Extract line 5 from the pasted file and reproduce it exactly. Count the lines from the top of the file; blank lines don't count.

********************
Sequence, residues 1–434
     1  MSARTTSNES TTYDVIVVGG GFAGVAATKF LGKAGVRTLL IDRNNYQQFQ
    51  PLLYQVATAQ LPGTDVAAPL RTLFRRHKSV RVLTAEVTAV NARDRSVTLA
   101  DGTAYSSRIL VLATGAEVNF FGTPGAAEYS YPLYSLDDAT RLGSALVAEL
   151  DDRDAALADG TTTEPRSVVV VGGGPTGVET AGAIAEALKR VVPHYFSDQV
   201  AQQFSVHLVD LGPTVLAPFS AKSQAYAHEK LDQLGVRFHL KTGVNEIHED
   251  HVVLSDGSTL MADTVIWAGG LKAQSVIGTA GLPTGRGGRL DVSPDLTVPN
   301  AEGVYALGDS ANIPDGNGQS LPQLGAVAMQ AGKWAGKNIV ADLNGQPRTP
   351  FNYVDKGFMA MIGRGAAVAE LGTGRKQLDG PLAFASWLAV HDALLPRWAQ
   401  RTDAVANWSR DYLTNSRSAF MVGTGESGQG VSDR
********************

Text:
   151  DDRDAALADG TTTEPRSVVV VGGGPTGVET AGAIAEALKR VVPHYFSDQV